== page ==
While the slump that Aotearoa's Blackcaps have found themselves in is a bit of a shock, the White Ferns' slump is more a case of the status-quo against the world's better nations continuing. The second ODI between Aotearoa and India finished in an 8-wicket win to India as the kiwis were again unable to do enough with bat or ball to make the contest genuinely competitive.
Remember that this comes after India enjoyed a 9-wicket win in the first game. Aotearoa again fell short of 200 batting first as skipper Amy Satterthwaite took on the responsibility of putting up some sort of decent target, hitting 71 off 87. Only one other batswoman scored 20+ and that was Leigh Kasperek batting #7 as she chimed in with 21 off 47 as the White Ferns stumbled to 161 all out.
The defence of their target started nicely as spinner Anna Peterson - who replaced Holly Huddleston from game one - took a wicket in the 2nd over. Then Lea Tahuhu got in on the action, taking a wicket in the 5th over, but from then on it was all India as Simriti Mandhana backed up her 105 (104) in game one, with 90 (83) in this game. That's two big innings from Mandhana, both coming with strike-rates over 100.
There are no shortage of issues in the White Ferns at the moment and based on what we have seen in these two games so far, I'll probably work my way through a few trends after the third game. One trend that I'll chuck up here reflects the fortunes of the White Ferns team and tells their story, while perhaps pointing to a minor lack of depth/competition for spots in the middle order.
Amelia Kerr has been bumped up to bat #5, which in fairness is most likely due to the absence of Katey Martin. Maddy Green has been batting #6 and in the ODI arena, there isn't a whole lot of substance to the work of Kerr and Green as key figures outside of the big three.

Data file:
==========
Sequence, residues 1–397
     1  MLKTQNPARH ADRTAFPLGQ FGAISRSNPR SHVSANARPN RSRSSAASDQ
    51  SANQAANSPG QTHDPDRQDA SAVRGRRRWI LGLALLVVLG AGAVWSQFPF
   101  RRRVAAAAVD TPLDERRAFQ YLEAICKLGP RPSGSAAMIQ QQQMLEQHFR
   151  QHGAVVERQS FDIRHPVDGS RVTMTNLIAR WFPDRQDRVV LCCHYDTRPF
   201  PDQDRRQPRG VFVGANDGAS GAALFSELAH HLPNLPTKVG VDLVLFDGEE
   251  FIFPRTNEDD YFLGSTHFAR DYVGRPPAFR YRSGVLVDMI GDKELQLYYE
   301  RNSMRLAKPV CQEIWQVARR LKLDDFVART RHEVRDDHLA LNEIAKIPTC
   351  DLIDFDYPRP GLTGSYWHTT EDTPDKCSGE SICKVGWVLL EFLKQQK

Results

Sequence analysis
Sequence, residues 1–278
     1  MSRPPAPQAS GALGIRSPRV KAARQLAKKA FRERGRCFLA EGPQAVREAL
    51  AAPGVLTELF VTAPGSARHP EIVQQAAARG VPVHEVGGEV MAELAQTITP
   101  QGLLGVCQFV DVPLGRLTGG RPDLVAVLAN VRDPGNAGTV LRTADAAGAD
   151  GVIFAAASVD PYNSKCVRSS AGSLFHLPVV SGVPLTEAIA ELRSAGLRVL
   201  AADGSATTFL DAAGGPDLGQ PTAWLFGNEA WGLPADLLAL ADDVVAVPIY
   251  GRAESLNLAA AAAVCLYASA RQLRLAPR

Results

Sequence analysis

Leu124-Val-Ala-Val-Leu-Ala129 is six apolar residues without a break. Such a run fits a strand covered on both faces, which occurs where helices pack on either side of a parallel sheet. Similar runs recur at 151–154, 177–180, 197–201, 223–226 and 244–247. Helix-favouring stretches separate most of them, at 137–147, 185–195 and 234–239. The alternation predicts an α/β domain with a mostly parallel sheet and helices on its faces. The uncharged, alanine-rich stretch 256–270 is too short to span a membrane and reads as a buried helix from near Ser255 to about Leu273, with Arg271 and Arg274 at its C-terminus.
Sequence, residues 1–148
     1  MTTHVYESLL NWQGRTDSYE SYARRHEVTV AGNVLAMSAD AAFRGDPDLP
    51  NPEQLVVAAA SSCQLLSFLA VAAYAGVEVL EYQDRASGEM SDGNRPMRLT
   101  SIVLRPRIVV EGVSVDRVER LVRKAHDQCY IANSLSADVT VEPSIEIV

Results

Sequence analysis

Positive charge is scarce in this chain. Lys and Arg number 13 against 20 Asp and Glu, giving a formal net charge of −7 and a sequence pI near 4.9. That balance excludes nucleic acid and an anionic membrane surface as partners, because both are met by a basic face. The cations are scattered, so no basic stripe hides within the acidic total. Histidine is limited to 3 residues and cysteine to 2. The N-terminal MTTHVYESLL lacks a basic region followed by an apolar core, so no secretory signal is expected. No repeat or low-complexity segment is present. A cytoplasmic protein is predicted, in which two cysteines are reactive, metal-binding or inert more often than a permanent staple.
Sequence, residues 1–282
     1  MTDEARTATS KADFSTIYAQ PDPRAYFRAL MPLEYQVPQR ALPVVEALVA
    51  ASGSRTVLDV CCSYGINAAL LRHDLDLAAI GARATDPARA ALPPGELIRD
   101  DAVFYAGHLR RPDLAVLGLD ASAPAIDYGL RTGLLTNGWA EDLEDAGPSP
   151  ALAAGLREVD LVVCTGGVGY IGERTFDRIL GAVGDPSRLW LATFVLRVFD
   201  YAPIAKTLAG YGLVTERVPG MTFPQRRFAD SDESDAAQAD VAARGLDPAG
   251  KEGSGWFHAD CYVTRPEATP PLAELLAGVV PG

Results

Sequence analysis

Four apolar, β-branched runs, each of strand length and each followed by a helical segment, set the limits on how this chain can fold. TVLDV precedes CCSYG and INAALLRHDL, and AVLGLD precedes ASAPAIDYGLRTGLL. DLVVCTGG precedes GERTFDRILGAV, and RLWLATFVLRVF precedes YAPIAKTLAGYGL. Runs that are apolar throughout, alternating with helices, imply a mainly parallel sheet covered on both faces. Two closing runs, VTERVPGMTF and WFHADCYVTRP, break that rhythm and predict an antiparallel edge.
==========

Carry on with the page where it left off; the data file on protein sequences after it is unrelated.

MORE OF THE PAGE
To be straight up; they are both dining off of big scores vs Ireland. These came last year with Kerr banging 81*, 29 and 232* while Green had scores of 122 and 50. For both Kerr and Green, these are their only 50+ scores in their young careers and in the five games (three vs England, two vs India), neither has scored 30+ having both batted in all five games.
Outside of those two 50+ scores vs Ireland, Green has scored 30+ just once in her 23 ODI innings. This was a 46 vs South Africa back in 2016 and you can boil this down to Green scoring 30+ in just 3 of 23inns.
It's the same for Kerr, who has a knock of 30 to go with her two big knocks vs Ireland. That means 3 of 15inns with 30+ scores for Kerr. None of that makes for good reading and while there is definitely an argument to be made in having faith in young players to suss out international cricket, these trends over a medium-sized sample are contributing to an underperforming White Ferns team.
There are of course other trends, I just wanted to highlight Kerr and Green. They are not alone in underperforming, although the work of Suzie Bates, Sophie Devine and Satterthwaite has tended to cover over these issues. The failings of Kerr and Green are also notable considering that experienced batswoman Kaite Perkins was recalled to the White Ferns squad for this series.
Perkins doesn't have an amazing ODI record herself, however she's got 63 games in the bag and without Martin, one would have thought that experience would be useful in this series. Perkins earned this return to the White Ferns ODI squad through scoring 176 runs @ 88avg/90.72sr via 4 not-outs as one of the best finishers in the domestic 50-over competition. Yet she hasn't played a game vs India, coinciding with two big losses.
Much like Kerr and Green not being the only problem, Perkins isn't the saviour. These are a few of many issues at the moment and are reason to be concerned as kiwi cricket in general faces challenging times at the hands of India.
Hit an ad to support the White Ferns content.
And please support the Niche Cache was we try to build our base on Patreon. Support the underdogs as best you can, a little goes a long way.
Peace and love 27.